Nintendo Chief Iwata: Wii U sales 'not bad'

Satoru Iwata says his company's new console is "selling steadily" but doesn't say if the hardware will hit the initial sales forecast of 5.5 million units by the end of March.

Don Reisinger
Former CNET contributor Don Reisinger is a technology columnist who has covered everything from HDTVs to computers to Flowbee Haircut Systems. Besides his work with CNET, Don's work has been featured in a variety of other publications including PC World and a host of Ziff-Davis publications.
Don Reisinger
2 min read

Nintendo President Satoru Iwata said in an interview published today that the Wii U's sales aren't bad.

"At the end of the Christmas season, it wasn't as though stores in the U.S. had no Wii U left in stock, as it was when Wii was first sold in that popular boom," Iwata told Reuters in an interview published today. "But sales are not bad, and I feel it's selling steadily."

There does appear to be a slightly different scenario playing out with the Wii U. When the Nintendo Wii launched in 2006, it was impossible to find on store shelves. That resulted in massive lines at retailers each weekend, made up of consumers hoping to get their hands on the short supply of Wiis that came in off trucks. The huge demand helped the Wii become one of the top-selling consoles of all time.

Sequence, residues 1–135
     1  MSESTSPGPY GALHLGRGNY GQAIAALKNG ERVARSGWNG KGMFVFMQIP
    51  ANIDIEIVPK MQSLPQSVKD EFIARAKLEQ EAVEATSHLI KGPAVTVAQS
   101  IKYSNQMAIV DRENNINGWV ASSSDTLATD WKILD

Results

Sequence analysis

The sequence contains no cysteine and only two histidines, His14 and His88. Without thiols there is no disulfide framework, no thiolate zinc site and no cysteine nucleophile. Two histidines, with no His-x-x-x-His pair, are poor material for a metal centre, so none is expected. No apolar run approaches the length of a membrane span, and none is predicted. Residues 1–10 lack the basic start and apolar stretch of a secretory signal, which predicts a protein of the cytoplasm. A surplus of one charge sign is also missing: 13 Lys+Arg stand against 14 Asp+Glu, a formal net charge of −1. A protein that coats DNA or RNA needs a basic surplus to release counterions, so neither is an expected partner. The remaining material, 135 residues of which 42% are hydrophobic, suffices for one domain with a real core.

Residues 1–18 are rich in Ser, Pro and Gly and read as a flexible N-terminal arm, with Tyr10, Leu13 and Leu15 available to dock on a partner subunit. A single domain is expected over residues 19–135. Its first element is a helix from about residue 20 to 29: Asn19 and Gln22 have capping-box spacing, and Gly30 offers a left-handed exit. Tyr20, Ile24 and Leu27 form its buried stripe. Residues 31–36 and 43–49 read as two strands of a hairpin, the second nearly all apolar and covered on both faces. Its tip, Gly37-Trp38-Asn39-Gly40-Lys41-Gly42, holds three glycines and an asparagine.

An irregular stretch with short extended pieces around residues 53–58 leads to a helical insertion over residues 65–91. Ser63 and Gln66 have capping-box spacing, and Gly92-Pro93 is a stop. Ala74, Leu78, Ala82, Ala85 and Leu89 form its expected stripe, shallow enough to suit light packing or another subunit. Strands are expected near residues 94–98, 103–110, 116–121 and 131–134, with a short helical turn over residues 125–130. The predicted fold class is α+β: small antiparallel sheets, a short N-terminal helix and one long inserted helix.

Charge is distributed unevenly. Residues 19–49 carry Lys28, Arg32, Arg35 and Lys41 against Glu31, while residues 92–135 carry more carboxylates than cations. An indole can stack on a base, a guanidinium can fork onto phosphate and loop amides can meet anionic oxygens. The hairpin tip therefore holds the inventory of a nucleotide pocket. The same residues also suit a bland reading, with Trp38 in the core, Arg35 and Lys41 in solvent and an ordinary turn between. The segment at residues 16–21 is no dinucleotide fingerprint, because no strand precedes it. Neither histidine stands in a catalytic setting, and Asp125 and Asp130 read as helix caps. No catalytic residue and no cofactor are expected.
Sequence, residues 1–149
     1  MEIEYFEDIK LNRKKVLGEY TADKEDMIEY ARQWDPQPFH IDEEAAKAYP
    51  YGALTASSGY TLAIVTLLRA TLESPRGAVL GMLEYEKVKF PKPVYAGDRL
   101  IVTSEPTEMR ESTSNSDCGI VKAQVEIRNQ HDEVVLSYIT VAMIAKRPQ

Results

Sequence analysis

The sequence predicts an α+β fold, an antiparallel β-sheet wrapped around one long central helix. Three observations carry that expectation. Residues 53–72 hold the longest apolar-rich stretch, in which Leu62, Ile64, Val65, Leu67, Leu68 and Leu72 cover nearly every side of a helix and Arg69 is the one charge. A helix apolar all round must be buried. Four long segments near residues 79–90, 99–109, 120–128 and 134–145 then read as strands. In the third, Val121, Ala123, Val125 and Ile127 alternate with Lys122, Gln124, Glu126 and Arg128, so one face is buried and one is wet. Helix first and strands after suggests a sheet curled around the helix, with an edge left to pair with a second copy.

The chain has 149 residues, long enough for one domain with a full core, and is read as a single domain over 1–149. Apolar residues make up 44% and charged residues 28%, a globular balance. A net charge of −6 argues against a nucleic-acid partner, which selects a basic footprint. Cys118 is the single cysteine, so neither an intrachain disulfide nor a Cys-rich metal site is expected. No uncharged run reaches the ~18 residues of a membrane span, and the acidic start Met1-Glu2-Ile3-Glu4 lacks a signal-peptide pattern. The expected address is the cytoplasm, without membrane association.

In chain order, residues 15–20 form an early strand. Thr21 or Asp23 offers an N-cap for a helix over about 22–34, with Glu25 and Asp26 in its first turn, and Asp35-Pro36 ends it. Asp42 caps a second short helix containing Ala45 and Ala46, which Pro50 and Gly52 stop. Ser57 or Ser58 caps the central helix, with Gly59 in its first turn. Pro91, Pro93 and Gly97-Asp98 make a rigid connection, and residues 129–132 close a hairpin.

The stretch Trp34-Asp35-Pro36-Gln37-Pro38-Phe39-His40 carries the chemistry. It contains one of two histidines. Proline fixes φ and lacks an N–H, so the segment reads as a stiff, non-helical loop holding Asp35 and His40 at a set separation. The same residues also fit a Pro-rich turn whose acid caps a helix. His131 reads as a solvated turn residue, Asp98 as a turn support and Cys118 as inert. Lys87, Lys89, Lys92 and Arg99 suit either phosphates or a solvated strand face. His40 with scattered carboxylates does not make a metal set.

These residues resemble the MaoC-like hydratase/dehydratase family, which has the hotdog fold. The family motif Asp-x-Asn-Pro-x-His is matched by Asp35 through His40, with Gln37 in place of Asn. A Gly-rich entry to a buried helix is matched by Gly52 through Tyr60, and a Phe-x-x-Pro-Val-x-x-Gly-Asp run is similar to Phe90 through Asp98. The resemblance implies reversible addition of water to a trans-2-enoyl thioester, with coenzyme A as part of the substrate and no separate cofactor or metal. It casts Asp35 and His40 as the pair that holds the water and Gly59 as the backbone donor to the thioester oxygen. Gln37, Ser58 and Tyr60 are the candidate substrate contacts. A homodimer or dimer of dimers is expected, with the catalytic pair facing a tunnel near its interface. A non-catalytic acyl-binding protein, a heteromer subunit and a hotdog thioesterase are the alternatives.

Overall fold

The Wii U, however, is readily available. In many retail stores across the U.S., consumers will find Wii U units available. The Wii U is also available online from a host of retailers, including Amazon.

Nintendo has been bullish on the Wii U, saying last year before its launch that it anticipates selling 5.5 million units by the end of March. During its first week of availability, the Wii U hit 400,000 units sold in the U.S. Since then, however, Nintendo hasn't shared unit sales or said how likely it is to reach its lofty sales goal.

In his interview with Reuters, Iwata remained relatively tight-lipped on the Wii U's performance, careful to not say that it was performing exceedingly well or poorly. He did, however, acknowledge that his company's decision to launch a $300 basic set alongside a $350 deluxe version proved challenging.

"Specifically, inventory levels for the premium, deluxe package was unbalanced as many people wanted that version and couldn't find it," he told Reuters.

Nintendo is expected to reveal more details about its Wii U sales when it announces fiscal third-quarter performance later this month.